I am a web designer and developer and I think this is something individuals run into quite a bit. It's not always the same answer, so I think some screenshots would be helpful.

However, I tend to add a sidebar. Otherwise the page looks off whether the content is centered or not. It looks out-of-balance especially when there are other page(s) that have the more balanced look with the sidebar.

The "sidebar" could even be some sort of design aspect (some abstract artwork, etc.) if need be. But even just adding some social media links or something of the sort would help.

  • Here's a simple mockup of the situation- i.imgur.com/K1bIx4v.png It's a online boating safety course website. Social media links appear in the footer and there is a user dropdown menu that has links to all logged-in pages like payments, profile settings and logout. Should I add that to the sidebar? Will that make it redundant? Commented Aug 8, 2014 at 17:54
  • Have you tried lining up the left side of the content with the right side of the logo? That might help a lot and then you don't need to worry about a sidebar. I don't have access to any software to do a quick mockup for you, but I hope that makes sense. Otherwise, think about an actual live feed for Facebook/Twitter instead of just follow buttons in a sidebar. Commented Aug 8, 2014 at 19:29
  • Yes I have tried that. But then it doesn't lineup with anything in particular on the right side. Seems like that's the only way left. The client isn't very keen on the social media exposure. Commented Aug 9, 2014 at 5:38
  • Can I get you to post a screenshot of it when it's lined up with the right side of the logo? I'm just curious how odd it looks because in my head, I could see it looking perfectly fine. Commented Aug 11, 2014 at 15:14
  • **Side note: if your client isn't up for social media exposure...well they need to catch up with the times. Commented Aug 11, 2014 at 15:14

the ideal width for good readability ... should not be more than 600-700px wide

This is roughly true, but only for content sections, generally speaking large blocks of text. Having a readable type, somewhere from 13px to 17px (generally 15-17px) depending on the nature of the site, if very important and the width of the section should be readable with the font size used. Having sidebars next to the main text section is perfectly acceptable - even encouraged at times - for large screens.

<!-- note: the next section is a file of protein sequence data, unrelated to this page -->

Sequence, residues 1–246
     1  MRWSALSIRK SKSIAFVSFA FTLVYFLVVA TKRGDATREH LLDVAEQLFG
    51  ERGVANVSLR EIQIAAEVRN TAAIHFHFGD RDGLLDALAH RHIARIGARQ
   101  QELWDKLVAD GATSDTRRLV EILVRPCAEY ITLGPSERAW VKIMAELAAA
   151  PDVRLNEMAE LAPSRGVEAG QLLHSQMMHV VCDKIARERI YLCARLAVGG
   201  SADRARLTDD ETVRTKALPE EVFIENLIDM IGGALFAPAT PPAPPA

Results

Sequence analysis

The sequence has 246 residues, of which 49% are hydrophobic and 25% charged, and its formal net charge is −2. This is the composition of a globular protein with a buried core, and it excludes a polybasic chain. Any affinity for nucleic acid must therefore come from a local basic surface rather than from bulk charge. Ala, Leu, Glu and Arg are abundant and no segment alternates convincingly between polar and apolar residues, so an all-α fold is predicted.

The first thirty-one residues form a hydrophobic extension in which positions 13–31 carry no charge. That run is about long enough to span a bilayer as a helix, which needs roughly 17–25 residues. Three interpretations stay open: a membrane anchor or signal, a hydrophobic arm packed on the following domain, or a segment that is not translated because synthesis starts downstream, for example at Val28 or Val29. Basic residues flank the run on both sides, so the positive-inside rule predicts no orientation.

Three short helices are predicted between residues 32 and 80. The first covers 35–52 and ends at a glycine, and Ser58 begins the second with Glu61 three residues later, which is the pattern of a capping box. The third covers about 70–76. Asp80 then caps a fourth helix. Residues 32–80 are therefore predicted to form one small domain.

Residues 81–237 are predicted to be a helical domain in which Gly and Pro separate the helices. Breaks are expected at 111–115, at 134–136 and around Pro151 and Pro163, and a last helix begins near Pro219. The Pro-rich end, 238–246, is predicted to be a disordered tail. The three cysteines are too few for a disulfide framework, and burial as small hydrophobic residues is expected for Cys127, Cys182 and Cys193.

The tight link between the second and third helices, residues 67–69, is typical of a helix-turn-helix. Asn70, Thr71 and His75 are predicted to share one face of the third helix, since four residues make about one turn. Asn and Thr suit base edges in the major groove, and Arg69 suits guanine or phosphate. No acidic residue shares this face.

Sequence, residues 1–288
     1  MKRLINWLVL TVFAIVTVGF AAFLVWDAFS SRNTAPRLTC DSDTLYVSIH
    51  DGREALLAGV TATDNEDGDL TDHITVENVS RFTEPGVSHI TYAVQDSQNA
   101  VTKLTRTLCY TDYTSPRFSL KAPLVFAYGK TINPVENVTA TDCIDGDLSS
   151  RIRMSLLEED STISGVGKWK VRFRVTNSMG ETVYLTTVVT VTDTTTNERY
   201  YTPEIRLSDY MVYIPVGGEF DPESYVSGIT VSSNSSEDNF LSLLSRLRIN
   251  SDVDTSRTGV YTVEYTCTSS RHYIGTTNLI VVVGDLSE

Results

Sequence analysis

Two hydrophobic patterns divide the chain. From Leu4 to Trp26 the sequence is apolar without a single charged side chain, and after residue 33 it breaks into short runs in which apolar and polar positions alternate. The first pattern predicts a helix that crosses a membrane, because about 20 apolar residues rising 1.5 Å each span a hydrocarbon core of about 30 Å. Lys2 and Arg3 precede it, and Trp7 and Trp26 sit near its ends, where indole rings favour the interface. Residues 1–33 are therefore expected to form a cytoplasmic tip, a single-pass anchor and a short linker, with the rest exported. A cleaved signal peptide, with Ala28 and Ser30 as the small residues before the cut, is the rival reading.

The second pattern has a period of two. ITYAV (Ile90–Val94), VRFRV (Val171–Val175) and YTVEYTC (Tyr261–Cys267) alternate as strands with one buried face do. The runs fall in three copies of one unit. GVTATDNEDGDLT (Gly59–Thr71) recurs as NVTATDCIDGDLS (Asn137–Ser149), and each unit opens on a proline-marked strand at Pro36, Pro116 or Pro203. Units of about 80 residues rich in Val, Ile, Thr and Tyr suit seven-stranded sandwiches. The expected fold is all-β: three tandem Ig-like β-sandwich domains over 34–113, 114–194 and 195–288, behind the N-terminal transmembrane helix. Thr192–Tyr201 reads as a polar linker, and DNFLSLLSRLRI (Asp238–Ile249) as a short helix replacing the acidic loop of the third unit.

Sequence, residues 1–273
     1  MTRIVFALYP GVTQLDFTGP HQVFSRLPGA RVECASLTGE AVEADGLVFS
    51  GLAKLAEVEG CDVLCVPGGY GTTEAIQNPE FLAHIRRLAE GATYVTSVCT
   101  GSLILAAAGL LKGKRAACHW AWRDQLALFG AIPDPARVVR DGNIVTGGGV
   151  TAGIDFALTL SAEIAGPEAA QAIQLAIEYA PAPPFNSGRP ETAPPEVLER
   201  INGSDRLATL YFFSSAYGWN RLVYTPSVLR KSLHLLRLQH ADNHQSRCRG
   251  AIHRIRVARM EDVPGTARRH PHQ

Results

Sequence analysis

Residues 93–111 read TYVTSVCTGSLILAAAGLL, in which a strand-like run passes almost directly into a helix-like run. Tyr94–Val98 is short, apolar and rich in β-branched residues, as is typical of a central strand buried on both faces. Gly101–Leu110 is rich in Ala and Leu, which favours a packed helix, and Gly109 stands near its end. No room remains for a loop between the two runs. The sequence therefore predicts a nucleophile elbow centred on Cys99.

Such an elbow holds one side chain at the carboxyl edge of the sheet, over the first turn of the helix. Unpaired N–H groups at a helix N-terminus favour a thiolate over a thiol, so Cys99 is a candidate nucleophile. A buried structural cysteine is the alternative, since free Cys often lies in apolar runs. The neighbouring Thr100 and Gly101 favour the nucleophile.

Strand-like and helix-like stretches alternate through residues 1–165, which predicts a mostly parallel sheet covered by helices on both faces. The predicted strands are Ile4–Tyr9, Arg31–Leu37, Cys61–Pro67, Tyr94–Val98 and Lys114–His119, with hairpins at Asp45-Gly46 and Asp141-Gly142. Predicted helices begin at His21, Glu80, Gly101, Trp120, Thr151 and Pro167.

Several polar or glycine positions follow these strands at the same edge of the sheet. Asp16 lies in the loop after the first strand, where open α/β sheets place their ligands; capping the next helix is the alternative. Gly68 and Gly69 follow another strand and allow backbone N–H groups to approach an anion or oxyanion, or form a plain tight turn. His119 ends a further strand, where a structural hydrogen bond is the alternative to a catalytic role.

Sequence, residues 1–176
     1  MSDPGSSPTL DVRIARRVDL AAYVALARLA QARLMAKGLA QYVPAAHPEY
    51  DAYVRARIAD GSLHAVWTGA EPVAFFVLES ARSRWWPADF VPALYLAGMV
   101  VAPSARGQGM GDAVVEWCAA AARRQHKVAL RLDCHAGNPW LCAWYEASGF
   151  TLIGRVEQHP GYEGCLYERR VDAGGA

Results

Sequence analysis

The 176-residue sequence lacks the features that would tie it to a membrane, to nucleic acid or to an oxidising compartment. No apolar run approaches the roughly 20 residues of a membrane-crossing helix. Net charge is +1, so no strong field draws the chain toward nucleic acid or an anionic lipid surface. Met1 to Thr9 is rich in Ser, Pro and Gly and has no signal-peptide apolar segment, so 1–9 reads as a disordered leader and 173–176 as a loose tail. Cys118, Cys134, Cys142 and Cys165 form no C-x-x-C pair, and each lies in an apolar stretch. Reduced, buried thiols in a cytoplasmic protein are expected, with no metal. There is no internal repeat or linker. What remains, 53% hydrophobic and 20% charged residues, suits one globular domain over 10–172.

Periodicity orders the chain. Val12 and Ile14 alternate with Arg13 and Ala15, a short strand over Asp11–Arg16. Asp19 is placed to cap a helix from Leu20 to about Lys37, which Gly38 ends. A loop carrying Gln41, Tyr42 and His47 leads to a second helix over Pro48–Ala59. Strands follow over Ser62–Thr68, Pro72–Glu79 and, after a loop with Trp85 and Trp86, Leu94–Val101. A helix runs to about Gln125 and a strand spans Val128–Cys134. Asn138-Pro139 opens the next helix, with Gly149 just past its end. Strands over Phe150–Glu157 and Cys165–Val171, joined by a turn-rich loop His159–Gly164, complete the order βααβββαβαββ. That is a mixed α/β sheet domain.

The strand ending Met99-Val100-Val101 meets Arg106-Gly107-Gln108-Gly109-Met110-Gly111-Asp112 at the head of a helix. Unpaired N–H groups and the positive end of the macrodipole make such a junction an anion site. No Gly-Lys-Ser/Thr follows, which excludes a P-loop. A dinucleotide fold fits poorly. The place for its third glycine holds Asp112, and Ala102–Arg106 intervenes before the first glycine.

It's important to make use of the added screen size large viewports provide, but should only be used as progressive enhancement, meaning you should (in order, not importance) design for mobile, small screens first.

As for using left or right positioned content, there is no real usability downside to using them provided you restrict the width to some max-width so the text isn't strung across a huge screen (as you should with a centered position design). The only time left of right positioning the content could be bad is on very large screens if you have a content section with a small width. In this case, centering it can make it seem to take up slightly more room of the page given the extra white space is distributed among both sides instead of just one.

If you're centering the content it's good practice and design to center the header as well. This usually means you should also have the same max-width as the main content section if there is one. The first example of this that comes to mind is FaceBook's layout for desktops.

With that being said, make use of what's given. That means progressively adding more features for screens that can handle more, provided it's still good design. On sites I'm designing, I often hide the sidebar for mobile or make it flow below the main content section for screens that it cannot fit on (for more on this check out my other answer).


This is perhaps a question of taste but there are a few obvious problems with your approach.

I have been reading about the ideal width for good readability and discovered that the content width should not be more than 600-700px wide.

This isn't true, it depends on how your sizing your text and what typeface you're using. The actual typographic process is choosing a measure. There are various rules of thumb on choosing measure but you need to calculate your average character width for your typeface then determine line length from that (which will vary on the web depending how you're sizing text in your CSS). There's a section on this in Robert Bringhurst's The Elements of Typographic Style which is on the web here.

That said, the document you've linked to has a usable measure so you should be fine with that layout.

To address the larger layout issue, I'd say it's a process of choosing the lesser of two evils. You can add a sidebar to create a better aligned layout but from a design perspective you're only adding superfluous content that's going to distract your users by having more text and layout elements in their visual field. So from a usability perspective, ditch the sidebar and center align your content, because your content is the reason people are going to your site (not your layout).

Alternatively, I default to aligning left since negative space is rarely a negative on the web and western users will not notice it much since they're accustomed to reading left-to-right.

You also have to realize that not everyone has the same viewport size as you. There may be a large number of users to which left-aligned or center-aligned content will look fine (if their viewport is smaller, they have less empty space). No matter what size their viewport is, a crowded screen is never a better option.

You may want to look at analytics for the site to determine viewport sizes.